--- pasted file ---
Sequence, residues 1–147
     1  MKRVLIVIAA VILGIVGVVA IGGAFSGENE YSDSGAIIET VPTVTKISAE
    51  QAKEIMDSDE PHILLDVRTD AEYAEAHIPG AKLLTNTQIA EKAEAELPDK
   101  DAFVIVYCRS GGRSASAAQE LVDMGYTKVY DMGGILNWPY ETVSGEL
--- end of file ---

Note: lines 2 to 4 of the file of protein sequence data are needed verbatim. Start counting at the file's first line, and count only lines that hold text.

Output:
     1  MKRVLIVIAA VILGIVGVVA IGGAFSGENE YSDSGAIIET VPTVTKISAE
    51  QAKEIMDSDE PHILLDVRTD AEYAEAHIPG AKLLTNTQIA EKAEAELPDK
   101  DAFVIVYCRS GGRSASAAQE LVDMGYTKVY DMGGILNWPY ETVSGEL